• Ingen resultater fundet

Implementation Details

This section will present the implementation of the model as it currently is. First, the representation and transport of flits in the system is discussed, then the implementa-tions of the node, arbiter, VC buffers and link are presented and it is described how the actual implementation of the NAs is fitted into the model.

7.2.1 Data Representation and Transport

Transporting data is at the heart of every NoC. The key factor for an accurate model is that data arrives at the same time in both the model and in the actual NoC. How it gets there in the model is unimportant.

In MANGO, the OCP [14] interface is used to provide end-to-end communi-cation between IP-cores. The OCP transactions are divided into multiple flits for transmission through the network with each flit containing a certain part of the trans-action. This partitioning into flits must be reflected in the model, as the transaction can only initiate at the slave core when a certain number of flits have arrived. The specific number depends on the transaction type and on whether the transaction is made on a GS or a BE connection.

One possibility for transporting data through the model is to let each flit reflect the contents it would have in MANGO. This is a very straight forward approach that allows easy replacement of model components with the actual implementations that have a certain bit-width. The contents of the flit simply needs to be converted to a logic- or bit-vector of that width before the replaced component and back again afterwards.

It is possible in the model to disassociate a flit and it contents. A scheme for transporting data that does this is to keep the entire transaction in the first flit and let the remaining flits be “dummy” or empty flits. The receiving NA would then have to keep count of the number of flits received and only initiate the transactions when the correct number has arrived. Using this approach, it is less straight forward to replace model components with the actual implementation. The contents of the first flit would need to be passed around the replaced component, as all the data simply would not be able to be passed through the component.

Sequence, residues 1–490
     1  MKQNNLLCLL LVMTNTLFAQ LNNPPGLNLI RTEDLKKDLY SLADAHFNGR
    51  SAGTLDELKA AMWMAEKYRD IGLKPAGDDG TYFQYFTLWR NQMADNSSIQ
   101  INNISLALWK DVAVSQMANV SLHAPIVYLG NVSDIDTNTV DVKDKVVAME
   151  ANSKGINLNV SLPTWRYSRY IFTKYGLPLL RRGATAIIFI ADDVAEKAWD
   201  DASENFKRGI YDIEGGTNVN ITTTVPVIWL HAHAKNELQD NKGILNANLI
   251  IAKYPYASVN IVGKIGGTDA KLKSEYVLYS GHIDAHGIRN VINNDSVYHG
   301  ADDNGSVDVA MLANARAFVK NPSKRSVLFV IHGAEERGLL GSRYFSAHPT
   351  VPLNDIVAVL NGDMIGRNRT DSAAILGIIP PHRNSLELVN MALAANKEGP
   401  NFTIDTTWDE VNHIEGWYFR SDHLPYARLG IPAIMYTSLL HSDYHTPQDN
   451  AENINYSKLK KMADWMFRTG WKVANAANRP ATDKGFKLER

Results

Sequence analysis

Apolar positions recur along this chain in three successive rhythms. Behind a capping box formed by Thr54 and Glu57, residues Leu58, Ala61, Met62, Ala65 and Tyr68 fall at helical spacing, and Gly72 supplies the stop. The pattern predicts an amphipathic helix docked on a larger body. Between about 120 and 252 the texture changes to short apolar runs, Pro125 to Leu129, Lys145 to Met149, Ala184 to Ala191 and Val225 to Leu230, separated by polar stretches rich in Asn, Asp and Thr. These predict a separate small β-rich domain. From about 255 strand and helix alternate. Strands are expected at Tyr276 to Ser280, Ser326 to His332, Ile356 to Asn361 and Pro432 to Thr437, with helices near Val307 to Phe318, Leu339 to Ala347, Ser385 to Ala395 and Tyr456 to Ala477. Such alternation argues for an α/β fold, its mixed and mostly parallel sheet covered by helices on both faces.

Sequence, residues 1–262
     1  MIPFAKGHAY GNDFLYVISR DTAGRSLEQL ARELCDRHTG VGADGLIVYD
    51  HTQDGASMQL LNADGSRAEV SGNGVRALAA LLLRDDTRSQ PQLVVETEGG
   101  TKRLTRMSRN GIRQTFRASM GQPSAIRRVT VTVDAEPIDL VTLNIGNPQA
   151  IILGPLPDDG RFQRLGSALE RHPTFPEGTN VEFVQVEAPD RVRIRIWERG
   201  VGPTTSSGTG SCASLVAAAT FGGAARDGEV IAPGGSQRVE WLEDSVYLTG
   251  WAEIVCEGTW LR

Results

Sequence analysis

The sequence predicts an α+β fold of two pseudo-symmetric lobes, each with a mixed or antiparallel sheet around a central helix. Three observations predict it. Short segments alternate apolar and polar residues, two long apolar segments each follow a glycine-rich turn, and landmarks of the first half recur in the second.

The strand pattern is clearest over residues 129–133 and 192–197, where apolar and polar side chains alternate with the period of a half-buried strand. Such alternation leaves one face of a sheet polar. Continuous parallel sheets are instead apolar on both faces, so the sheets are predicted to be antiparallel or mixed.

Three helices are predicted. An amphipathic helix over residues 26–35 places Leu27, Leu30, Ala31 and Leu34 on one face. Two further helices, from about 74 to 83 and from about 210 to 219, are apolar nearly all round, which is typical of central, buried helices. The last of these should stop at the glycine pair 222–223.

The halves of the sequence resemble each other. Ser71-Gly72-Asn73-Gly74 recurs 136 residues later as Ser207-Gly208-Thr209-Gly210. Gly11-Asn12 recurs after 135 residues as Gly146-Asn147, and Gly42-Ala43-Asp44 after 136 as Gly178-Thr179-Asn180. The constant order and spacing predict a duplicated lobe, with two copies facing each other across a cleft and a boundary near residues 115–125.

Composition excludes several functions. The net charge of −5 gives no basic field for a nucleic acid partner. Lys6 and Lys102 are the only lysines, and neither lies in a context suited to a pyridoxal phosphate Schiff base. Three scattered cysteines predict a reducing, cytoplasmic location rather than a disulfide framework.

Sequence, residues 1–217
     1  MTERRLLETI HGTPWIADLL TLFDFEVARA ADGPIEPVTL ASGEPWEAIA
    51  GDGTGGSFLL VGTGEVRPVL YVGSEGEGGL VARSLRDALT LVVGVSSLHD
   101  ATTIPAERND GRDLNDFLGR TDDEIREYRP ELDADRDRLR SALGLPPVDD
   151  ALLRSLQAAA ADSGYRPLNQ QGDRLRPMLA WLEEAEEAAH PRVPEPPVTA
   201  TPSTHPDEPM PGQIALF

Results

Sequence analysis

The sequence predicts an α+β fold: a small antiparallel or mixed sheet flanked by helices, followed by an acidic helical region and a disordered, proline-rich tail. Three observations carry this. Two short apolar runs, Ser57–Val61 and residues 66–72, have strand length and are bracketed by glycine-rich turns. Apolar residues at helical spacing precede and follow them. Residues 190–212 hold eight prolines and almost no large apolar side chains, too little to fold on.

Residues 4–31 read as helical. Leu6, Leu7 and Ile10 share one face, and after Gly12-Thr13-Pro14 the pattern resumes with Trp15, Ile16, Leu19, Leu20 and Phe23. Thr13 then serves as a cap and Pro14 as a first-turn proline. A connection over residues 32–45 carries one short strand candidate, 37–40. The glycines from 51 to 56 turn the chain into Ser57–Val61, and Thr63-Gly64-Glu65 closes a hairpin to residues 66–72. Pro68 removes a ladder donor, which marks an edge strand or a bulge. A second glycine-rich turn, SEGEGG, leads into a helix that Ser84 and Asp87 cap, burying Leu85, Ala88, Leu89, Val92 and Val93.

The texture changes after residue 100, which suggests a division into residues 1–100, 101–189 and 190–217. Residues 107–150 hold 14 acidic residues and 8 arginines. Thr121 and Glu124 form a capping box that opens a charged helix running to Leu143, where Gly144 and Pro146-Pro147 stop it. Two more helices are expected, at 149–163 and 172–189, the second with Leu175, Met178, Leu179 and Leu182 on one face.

A variation of this last scheme is to immediately move the transaction to the des-tination NA around the network and only transmit dummy flits through the network.

This makes the NAs more complex, as they theoretically need to be able to store an arbitrary number of transactions while waiting for the flits to arrive. Realistically the number would be limited, but some complexity would still be added to the NA.


Moving data like this also allows easy replacement of model components with ac-tual implementations, as the dummy flits contain nothing and thus can be converted to any bit-width. However, if the purpose of replacing a component is to evaluate power consumption in that component, any correlation between the contents of suc-ceeding flits that might impact switching activity would be lost.